Quick note: I was in the wilderness outside of Eugene over the weekend so I was unable to post yesterday. Now resuming a consistent schedule! 🙂
Do you like rhetorical questions? Well, of course. They work to make you think and agree with the speaker while not slapping your face like a statement. Paul uses them throughout 1 Corinthians 9. Wasn’t Paul as good (better) than any of the other leaders who were trying to claim the Corinthians attention? They were the church that he had planted, his workmanship, hands-on project (another interesting use of this word is in Ephesians 2:10). They were the seal of his apostleship, like the stamp of authenticity on a certificate.
Paul is talking like he is in the hot seat of a defense trial and needing to present his argument. Such patient responses! I often find myself responding in exasperation…
Paul fires off three examples of places where workers expect to receive part of the harvest: a solider, the master of a vineyard, and a shepherd. Hey, even Moses, the revered Jewish leader of the Old Testament expected the worker to be able to hope for part of the harvest. And Jesus has the final okay on it! Spiritual seeds should receive at least material things, Paul argues. I so often have it flipped around in my head, valuing the things that will disintegrate from this world more than God’s eternal treasures.
But Paul would rather work for his living than put any obstacle in the way of the gospel. His focus is not on this world. Why do I put so little value on heaven?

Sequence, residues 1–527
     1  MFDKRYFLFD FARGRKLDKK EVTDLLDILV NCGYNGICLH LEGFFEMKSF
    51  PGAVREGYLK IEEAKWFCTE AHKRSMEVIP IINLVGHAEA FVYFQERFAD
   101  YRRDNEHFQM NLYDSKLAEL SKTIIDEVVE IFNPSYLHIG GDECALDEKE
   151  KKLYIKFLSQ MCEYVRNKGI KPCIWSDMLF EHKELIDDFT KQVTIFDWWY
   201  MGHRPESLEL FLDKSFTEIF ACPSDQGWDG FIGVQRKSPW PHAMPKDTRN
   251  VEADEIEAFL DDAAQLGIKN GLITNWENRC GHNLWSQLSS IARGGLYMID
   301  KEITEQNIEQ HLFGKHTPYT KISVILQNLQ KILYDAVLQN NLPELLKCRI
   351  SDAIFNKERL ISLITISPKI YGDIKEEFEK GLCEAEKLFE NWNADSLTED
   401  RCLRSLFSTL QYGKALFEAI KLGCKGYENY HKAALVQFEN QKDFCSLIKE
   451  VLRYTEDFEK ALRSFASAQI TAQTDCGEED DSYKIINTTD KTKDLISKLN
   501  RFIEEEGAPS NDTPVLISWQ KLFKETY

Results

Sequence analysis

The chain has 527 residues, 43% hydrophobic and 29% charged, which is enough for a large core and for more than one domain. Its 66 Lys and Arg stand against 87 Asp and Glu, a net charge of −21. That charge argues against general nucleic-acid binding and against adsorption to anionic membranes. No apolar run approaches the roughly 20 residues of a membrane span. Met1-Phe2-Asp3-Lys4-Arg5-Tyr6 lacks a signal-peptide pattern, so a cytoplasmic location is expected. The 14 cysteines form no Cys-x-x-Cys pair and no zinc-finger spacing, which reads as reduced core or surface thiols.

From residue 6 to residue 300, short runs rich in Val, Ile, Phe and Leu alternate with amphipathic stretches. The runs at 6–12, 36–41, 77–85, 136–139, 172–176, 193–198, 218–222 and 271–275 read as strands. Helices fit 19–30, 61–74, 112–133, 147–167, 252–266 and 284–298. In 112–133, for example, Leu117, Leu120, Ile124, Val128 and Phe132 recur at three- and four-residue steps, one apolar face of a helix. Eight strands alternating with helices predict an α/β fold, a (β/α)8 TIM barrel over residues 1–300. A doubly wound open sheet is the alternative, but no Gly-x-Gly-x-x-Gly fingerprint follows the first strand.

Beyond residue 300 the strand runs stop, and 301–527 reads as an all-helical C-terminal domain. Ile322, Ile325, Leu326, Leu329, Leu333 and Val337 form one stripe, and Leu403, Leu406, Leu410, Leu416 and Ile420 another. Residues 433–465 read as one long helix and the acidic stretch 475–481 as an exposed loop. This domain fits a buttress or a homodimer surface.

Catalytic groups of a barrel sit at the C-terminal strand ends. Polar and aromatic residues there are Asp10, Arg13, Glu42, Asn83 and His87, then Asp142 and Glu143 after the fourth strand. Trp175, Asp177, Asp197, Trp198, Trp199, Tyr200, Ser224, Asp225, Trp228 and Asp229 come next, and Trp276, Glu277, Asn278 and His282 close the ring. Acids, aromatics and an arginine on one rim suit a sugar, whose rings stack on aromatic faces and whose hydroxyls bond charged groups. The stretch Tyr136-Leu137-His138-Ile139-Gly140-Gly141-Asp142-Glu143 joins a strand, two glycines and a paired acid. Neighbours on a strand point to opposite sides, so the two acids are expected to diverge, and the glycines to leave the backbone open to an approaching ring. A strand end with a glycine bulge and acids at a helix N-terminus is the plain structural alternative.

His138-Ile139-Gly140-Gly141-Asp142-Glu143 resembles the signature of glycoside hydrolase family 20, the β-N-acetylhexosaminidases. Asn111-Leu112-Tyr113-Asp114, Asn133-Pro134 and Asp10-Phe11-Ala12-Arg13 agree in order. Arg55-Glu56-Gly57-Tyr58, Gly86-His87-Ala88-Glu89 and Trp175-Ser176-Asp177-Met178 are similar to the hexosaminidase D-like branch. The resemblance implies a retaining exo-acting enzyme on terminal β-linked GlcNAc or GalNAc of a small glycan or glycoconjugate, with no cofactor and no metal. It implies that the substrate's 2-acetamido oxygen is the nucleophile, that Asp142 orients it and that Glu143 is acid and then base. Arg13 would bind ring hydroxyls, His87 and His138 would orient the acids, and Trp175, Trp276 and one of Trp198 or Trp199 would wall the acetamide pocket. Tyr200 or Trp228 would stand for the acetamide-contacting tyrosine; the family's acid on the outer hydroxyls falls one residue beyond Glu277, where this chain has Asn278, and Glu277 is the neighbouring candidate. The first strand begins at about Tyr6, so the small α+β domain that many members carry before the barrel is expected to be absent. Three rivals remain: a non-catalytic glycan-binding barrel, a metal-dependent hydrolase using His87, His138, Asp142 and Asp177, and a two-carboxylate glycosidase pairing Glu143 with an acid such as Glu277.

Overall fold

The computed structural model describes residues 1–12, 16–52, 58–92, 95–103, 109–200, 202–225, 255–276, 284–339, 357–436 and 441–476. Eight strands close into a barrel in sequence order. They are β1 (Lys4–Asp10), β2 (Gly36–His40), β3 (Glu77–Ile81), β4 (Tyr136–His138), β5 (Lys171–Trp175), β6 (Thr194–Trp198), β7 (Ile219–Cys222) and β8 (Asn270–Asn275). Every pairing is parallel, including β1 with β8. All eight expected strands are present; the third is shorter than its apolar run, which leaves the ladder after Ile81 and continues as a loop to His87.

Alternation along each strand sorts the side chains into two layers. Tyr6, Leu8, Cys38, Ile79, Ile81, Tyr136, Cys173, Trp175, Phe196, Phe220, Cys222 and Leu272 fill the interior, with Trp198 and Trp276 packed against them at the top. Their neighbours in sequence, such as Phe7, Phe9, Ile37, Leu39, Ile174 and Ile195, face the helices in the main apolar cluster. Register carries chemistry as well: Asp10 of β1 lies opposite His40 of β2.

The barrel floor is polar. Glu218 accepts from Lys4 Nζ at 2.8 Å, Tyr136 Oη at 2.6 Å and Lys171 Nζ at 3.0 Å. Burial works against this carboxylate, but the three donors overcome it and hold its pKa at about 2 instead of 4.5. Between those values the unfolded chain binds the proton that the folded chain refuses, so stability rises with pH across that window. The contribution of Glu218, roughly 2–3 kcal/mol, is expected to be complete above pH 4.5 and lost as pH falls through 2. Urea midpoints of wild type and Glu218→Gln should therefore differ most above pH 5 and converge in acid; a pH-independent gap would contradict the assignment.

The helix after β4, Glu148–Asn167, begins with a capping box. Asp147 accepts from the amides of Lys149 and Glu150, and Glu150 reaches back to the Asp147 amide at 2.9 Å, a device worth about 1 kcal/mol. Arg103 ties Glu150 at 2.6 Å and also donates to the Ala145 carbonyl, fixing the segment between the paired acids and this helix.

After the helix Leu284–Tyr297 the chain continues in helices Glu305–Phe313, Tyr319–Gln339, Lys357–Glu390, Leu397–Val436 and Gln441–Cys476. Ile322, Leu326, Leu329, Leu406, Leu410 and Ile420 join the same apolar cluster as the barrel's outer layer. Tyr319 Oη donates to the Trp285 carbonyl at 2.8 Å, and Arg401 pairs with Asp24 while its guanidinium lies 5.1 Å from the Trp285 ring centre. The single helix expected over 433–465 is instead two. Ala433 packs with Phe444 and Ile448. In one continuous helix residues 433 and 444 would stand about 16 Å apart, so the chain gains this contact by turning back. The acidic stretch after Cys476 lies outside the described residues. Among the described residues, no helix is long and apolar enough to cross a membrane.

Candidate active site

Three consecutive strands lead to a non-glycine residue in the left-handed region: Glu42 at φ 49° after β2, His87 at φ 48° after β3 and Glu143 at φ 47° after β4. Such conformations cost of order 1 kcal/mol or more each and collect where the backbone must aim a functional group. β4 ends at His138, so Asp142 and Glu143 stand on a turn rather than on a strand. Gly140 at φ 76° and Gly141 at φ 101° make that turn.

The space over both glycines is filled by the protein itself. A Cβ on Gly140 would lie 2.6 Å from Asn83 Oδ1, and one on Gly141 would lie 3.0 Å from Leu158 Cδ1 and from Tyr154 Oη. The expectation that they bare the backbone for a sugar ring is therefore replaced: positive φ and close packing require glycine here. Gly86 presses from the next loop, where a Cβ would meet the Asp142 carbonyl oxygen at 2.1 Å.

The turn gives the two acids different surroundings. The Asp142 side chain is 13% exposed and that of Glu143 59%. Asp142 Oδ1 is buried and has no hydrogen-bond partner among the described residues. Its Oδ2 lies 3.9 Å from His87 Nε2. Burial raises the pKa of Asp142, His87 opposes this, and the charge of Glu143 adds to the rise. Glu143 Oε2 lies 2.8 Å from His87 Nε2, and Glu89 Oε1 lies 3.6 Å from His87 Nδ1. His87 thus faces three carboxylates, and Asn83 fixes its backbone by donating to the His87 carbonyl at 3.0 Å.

Next, Paul talked about his boasting rights. It was mandatory to preach the gospel. But if he did it without using the right of funding requests, he had a reward. How far would I go for the gospel? Paul gave everything, and saw an amazing community of believers spring up in the cities where God directed him.
Paul worked to be socially understandable to whichever group he was ministering to at the time. With the Jews, he acted under the Law of Moses, with the Gentiles he did not adhere to these rules, but followed the Law of Christ. Paul uses another metaphor of an athlete putting everything on the line for a perishable prize. Believers have so much more coming! So Paul disciplined his body and did not let himself sink back into the easy-chair of previous accomplishments, but continued working so that he wouldn’t fall after teaching so many. Pastors have a great deal of pressure and temptation – pray for them!
God, how far will I go to pursue You? Thank You for the leaders that boldly spread Your word. Please help them to have accountability and wisely guide their lives toward Yours as they lead others. And please help me to do the same in my responsibilities. Amen.